The Centers for Disease Control and Prevention overruled its own panel Friday, endorsing booster shots for elderly and otherwise vulnerable adults. But vaccine stocks dipped.
The full CDC will allow certain recipients of the Pfizer (PFE)-BioNTech (BNTX) vaccine to receive a booster shot at six months. That group includes people age 65 and up, and adults with underlying medical conditions.
Late Thursday, the CDC’s Advisory Committee on Immunization Practices voted down booster shots for people with at-risk jobs or living in institutions. But the CDC overruled that. It also endorsed boosters for those groups, which includes health care workers and teachers, as well as residents of prisons.
SVB Leerink analyst Geoffrey Porges says the “unprecedented and highly controversial move” will open up booster shots to all Pfizer-BioNTech recipients. Adults merely have to attest they have an underlying medical condition or are at risk of exposure to receive a booster, he said.
“It’s open season for boosters,” Porges said in a note to clients. “We expect vaccination centers, clinics and pharmacies to be swamped with vaccination appointments for ‘the worried well’ in addition to the truly eligible subjects at increased risk such as the elderly and the immunosuppressed or otherwise at high risk.”
Vaccine Stocks Dip
CDC Director Rochelle Walensky noted the challenges of making recommendations based on “complex, often imperfect data.”
“In a pandemic, even with uncertainty, we must take actions that we anticipate will do the greatest good,” she said in a written statement.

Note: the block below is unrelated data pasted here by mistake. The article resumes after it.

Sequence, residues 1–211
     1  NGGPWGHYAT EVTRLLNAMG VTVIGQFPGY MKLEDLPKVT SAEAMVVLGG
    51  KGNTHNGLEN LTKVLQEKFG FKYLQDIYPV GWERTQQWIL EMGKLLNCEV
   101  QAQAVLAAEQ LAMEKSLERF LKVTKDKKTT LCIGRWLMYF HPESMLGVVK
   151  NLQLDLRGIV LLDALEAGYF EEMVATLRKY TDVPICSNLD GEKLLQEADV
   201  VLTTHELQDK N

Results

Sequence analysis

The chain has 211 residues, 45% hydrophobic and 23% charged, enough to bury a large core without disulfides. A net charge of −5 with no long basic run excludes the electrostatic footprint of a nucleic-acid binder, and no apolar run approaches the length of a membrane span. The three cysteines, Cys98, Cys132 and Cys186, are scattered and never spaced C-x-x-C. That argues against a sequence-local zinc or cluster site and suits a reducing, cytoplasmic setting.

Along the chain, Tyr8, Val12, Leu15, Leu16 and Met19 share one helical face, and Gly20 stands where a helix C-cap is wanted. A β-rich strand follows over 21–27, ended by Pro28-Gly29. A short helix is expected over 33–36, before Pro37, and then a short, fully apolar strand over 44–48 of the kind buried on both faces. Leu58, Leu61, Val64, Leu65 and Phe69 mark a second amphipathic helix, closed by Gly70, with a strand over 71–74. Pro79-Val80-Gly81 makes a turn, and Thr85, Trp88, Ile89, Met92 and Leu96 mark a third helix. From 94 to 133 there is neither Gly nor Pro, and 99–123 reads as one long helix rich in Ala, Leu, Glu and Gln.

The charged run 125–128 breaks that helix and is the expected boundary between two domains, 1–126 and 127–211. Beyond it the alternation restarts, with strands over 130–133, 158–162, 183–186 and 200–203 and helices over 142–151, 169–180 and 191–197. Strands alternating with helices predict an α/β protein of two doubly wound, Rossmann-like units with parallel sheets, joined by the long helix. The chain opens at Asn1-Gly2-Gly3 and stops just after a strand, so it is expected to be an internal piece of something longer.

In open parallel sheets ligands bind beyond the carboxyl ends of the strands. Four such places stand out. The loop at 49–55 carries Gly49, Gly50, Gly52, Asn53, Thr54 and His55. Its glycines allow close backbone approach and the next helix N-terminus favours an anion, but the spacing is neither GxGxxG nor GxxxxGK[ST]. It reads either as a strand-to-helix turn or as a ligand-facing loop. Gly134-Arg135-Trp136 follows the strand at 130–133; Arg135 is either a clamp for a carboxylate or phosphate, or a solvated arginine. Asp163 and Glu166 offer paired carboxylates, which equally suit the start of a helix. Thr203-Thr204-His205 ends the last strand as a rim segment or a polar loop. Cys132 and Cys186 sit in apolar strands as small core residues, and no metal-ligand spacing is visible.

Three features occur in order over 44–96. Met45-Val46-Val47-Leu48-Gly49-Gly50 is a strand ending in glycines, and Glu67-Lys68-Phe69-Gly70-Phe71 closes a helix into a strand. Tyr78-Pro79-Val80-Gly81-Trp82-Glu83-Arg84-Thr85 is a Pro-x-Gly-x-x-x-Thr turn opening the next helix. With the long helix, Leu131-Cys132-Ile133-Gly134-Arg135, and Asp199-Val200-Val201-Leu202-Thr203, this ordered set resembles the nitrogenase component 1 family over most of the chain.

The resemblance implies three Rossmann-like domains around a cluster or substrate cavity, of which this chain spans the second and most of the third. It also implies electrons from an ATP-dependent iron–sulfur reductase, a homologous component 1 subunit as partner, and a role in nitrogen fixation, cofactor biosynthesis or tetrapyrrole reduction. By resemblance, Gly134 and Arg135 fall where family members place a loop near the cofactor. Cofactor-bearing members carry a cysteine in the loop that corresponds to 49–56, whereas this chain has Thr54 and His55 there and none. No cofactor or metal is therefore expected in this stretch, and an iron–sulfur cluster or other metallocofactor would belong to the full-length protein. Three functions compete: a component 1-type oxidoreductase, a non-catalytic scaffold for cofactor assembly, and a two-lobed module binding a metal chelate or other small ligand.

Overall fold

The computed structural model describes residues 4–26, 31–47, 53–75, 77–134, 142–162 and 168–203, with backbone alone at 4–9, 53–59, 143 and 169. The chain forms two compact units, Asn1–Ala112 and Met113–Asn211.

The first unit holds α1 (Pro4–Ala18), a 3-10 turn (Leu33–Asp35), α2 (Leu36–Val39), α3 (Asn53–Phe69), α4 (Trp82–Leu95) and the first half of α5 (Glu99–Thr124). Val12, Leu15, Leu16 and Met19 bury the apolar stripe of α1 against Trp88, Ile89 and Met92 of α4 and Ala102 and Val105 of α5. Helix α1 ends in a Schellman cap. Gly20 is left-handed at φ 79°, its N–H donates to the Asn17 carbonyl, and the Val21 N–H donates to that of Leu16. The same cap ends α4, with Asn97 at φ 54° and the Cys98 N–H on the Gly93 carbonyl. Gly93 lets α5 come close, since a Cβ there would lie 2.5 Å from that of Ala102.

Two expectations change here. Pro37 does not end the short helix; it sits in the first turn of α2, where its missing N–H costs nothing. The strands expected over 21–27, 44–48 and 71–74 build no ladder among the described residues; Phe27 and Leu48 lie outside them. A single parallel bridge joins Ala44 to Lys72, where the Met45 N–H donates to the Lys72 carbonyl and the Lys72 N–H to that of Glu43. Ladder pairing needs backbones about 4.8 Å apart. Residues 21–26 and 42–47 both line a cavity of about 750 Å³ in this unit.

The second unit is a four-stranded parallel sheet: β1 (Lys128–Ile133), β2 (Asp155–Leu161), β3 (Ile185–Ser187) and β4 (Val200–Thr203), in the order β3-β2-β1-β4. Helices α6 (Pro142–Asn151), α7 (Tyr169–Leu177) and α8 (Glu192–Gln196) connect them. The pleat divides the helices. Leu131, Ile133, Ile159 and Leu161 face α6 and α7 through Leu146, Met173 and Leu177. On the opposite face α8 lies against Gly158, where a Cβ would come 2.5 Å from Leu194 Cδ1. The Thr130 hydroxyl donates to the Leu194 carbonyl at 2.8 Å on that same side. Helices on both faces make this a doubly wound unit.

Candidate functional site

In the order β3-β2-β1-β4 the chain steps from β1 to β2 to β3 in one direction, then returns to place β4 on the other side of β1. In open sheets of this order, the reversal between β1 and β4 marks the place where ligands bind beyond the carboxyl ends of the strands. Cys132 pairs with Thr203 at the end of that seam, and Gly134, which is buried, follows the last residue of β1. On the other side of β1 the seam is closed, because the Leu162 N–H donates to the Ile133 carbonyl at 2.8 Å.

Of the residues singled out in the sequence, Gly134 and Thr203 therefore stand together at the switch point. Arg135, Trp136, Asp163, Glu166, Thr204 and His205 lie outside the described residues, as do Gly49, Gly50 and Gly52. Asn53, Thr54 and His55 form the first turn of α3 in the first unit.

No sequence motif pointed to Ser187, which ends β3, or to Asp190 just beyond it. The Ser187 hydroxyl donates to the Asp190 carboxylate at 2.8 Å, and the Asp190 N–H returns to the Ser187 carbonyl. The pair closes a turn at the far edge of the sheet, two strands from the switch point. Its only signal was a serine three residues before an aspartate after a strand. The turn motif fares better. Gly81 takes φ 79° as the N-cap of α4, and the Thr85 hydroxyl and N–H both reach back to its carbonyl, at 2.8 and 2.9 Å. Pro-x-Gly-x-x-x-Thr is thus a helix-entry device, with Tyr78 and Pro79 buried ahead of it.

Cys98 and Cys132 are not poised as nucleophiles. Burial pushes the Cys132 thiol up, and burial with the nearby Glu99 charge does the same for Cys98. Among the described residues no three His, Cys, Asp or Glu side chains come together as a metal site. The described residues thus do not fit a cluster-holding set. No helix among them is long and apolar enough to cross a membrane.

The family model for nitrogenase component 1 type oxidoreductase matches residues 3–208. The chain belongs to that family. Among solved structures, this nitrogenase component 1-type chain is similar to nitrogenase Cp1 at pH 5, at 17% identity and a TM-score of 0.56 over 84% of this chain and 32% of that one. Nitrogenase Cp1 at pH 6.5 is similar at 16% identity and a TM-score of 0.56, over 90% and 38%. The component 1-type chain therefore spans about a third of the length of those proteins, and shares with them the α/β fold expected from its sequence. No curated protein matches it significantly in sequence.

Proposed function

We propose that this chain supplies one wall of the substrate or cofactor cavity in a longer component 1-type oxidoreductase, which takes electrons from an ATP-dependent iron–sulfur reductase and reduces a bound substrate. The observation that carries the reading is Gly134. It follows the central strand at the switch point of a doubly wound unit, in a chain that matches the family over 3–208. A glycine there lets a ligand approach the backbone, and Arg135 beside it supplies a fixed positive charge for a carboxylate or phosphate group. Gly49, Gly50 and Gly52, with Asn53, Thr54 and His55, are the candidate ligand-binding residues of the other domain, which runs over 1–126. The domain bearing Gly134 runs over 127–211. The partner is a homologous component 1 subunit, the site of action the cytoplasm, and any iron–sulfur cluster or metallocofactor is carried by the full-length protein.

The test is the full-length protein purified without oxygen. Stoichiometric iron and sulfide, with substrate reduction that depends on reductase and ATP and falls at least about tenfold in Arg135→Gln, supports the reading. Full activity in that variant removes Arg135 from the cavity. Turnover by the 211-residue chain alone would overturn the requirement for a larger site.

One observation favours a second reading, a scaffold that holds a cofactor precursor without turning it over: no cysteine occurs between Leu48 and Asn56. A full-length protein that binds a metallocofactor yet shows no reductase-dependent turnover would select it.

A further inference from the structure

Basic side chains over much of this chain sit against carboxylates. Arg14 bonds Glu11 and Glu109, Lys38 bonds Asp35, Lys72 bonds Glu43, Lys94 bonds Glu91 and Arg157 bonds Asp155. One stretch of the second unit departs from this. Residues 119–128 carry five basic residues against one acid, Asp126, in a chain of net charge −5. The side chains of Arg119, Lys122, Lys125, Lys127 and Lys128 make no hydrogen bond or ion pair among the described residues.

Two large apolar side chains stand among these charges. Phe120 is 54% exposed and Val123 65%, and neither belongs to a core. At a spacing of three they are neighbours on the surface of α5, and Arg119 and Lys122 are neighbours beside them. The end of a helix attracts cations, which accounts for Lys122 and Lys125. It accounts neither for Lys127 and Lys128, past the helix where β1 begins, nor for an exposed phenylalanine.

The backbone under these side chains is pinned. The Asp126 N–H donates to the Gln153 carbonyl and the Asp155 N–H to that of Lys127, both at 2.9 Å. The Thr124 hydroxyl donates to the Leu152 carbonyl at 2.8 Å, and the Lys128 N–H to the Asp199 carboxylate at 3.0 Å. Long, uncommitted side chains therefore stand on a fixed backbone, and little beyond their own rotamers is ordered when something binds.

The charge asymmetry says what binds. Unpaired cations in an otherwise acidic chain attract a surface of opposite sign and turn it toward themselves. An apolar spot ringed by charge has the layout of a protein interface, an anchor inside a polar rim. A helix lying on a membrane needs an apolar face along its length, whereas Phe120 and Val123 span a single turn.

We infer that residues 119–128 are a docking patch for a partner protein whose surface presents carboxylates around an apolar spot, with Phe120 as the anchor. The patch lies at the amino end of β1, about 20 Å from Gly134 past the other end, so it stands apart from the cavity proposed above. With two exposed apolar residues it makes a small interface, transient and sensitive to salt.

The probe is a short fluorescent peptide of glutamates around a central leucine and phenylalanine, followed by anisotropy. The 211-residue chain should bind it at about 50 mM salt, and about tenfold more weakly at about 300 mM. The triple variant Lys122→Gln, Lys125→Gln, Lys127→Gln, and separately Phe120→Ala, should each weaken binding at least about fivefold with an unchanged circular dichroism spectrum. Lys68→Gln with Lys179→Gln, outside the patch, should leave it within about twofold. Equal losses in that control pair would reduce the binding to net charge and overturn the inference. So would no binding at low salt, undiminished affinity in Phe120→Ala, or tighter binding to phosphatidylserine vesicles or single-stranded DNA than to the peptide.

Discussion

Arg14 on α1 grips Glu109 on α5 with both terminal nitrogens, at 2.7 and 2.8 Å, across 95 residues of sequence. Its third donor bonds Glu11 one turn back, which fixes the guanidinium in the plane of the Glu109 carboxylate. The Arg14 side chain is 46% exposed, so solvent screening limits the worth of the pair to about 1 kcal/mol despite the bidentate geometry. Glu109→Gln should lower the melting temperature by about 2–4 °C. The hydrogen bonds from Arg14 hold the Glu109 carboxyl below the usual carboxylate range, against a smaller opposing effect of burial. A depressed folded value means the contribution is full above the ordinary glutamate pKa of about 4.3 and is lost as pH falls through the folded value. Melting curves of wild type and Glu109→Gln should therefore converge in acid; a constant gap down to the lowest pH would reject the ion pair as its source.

Late Thursday, the CDC’s panel debated whether to offer booster shots to at-risk younger adults. Ultimately, the panel voted against boosters for people age 18-64 at risk of exposure due to work or living situation. The CDC flipped that decision.
SVB Leerink’s Porges says the CDC’s decision to overrule its panel could have reverberations for vaccine stocks and booster uptake. The Food and Drug Administration and the CDC usually follow the recommendations of the experts on their advisory committees — but not always.
“For consumers, we think this move will also undermine their confidence in the independence and integrity of the process, and is likely to feed the fire of anti-vaccination rhetoric,” Porges said. “Even outside the U.S., many countries have looked to the CDC as an independent arbiter of data, ethics and evidence, and we believe they too will lose confidence in the institution’s integrity and rigor.”
Other Boosters Soon
For now, the CDC’s recommendations are only for the Pfizer-BioNTech vaccine. But the agencies soon expect to take up the issue of boosters for recipients of shots from vaccine stocks Moderna and Johnson & Johnson (JNJ).
Right now, the agencies only support homologous boosting. This means if your initial vaccination series is from Pfizer, your booster should also come from Pfizer. But SVB Leerink’s Porges expects the agencies to examine a “mix-and-match” strategy in the future, also known as heterologous boosting.
“We expect heterologous boosting to be pushed through by the CDC and the administration within a few weeks, which should increase Pfizer’s dominance of the channel even more,” he said.
Porges calls for the vaccine stock to bring in $14.9 billion in fourth-quarter Covid vaccine sales.
Follow Allison Gatlin on Twitter at @IBD_AGatlin.
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